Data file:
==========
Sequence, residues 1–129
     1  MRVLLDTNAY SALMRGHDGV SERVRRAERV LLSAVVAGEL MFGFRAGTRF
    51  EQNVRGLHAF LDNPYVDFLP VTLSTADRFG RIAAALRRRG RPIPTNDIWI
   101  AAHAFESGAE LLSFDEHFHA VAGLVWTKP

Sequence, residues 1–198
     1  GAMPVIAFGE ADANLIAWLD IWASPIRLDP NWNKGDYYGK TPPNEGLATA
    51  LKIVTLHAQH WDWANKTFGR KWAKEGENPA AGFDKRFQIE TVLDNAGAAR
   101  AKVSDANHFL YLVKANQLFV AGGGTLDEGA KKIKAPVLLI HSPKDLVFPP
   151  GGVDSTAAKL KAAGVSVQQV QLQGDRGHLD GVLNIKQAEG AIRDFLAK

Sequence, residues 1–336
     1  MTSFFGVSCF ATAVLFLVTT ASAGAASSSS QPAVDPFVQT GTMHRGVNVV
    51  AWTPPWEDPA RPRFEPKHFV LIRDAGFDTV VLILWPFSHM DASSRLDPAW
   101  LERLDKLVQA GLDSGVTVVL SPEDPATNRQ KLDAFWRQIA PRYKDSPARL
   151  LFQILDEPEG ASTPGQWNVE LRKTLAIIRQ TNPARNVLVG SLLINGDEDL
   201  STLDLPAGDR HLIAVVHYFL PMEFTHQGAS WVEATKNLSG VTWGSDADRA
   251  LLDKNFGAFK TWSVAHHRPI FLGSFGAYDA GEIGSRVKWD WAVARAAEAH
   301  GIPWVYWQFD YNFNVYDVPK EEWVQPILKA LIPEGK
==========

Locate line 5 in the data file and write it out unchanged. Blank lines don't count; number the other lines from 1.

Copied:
Sequence, residues 1–198